When an ordinance has been passed by the trustees of a town and the emergency attached in the cases and in the manner provided by section 5889, O. S. 1931, and such ordinance published in the manner required by statute, it becomes immediately operative and thereupon by virtue of section 2, article 5, of the Constitution is excluded from the referendum.
A referendum was sought to be invoked by D.B. Mascho against an ordinance of the Town of Haskell, which ordinance carried an emergency clause. The town clerk sustained a protest by Freeman Carter to the sufficiency of the petition and the matter has been transferred to this court. Protest sustained.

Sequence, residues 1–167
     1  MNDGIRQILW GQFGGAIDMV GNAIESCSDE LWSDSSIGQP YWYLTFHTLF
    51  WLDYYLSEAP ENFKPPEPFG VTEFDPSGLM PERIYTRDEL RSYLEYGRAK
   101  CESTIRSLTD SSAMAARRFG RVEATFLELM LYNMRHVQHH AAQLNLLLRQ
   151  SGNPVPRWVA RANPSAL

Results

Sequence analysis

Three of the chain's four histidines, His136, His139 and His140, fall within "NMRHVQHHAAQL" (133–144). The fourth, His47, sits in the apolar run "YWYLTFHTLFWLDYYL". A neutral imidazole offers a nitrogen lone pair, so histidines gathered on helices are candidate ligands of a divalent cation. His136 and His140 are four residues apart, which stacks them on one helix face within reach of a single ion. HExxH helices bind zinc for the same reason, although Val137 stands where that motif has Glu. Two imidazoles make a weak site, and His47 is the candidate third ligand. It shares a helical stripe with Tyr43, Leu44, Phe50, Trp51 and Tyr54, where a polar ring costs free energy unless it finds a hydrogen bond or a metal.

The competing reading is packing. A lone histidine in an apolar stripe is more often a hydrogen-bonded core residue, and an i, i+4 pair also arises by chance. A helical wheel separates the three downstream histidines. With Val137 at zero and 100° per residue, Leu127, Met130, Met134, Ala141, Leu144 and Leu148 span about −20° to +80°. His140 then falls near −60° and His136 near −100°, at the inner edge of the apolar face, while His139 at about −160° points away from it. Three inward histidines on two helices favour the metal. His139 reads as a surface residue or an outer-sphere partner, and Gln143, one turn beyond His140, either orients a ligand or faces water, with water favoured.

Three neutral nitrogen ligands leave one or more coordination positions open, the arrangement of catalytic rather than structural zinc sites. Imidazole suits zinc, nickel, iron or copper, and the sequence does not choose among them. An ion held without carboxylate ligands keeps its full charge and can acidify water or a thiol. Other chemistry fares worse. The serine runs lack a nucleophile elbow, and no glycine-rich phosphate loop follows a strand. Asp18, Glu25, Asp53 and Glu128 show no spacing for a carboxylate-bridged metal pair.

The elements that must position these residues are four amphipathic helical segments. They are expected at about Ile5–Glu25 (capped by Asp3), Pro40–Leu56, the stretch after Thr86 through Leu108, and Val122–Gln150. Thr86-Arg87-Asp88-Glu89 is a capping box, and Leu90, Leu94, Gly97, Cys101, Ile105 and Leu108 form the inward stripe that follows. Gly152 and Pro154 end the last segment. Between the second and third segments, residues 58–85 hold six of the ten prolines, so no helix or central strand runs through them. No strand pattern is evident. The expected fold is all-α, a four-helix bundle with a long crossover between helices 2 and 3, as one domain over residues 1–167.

Fred W. Martin, for petitioner.
F.N. Shoemake and Harold Shoemake, for protestant.
¶1 There is here involved the action of a town clerk in sustaining a protest to the sufficiency of a petition which sought to invoke the referendum against an ordinance carrying an emergency clause. The board of trustees of the town of Haskell, on April 14, 1936, passed and adopted ordinance No. 141, whereby the operation of pool halls was authorized under certain conditions. The ordinance carried the following emergency clause:
"It being immediately necessary for the preservation of public peace, and safety, an emergency is hereby declared to exist by reason whereof this ordinance shall take effect and be in full force from and after its passage and publication."